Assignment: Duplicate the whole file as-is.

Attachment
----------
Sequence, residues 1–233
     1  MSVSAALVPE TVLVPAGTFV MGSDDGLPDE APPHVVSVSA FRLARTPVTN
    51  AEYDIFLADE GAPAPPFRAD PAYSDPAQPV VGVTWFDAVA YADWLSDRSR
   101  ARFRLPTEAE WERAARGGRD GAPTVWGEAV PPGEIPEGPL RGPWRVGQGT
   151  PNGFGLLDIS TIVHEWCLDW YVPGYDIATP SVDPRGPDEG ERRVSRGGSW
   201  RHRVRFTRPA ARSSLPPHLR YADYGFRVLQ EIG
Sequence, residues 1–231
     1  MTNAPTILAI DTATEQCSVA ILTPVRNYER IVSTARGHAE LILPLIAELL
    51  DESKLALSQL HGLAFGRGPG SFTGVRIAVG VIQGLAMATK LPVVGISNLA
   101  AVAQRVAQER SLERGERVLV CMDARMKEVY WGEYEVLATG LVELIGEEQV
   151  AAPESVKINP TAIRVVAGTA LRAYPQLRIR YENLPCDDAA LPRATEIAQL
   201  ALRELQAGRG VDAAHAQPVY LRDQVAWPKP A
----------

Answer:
Sequence, residues 1–233
     1  MSVSAALVPE TVLVPAGTFV MGSDDGLPDE APPHVVSVSA FRLARTPVTN
    51  AEYDIFLADE GAPAPPFRAD PAYSDPAQPV VGVTWFDAVA YADWLSDRSR
   101  ARFRLPTEAE WERAARGGRD GAPTVWGEAV PPGEIPEGPL RGPWRVGQGT
   151  PNGFGLLDIS TIVHEWCLDW YVPGYDIATP SVDPRGPDEG ERRVSRGGSW
   201  RHRVRFTRPA ARSSLPPHLR YADYGFRVLQ EIG
Sequence, residues 1–231
     1  MTNAPTILAI DTATEQCSVA ILTPVRNYER IVSTARGHAE LILPLIAELL
    51  DESKLALSQL HGLAFGRGPG SFTGVRIAVG VIQGLAMATK LPVVGISNLA
   101  AVAQRVAQER SLERGERVLV CMDARMKEVY WGEYEVLATG LVELIGEEQV
   151  AAPESVKINP TAIRVVAGTA LRAYPQLRIR YENLPCDDAA LPRATEIAQL
   201  ALRELQAGRG VDAAHAQPVY LRDQVAWPKP A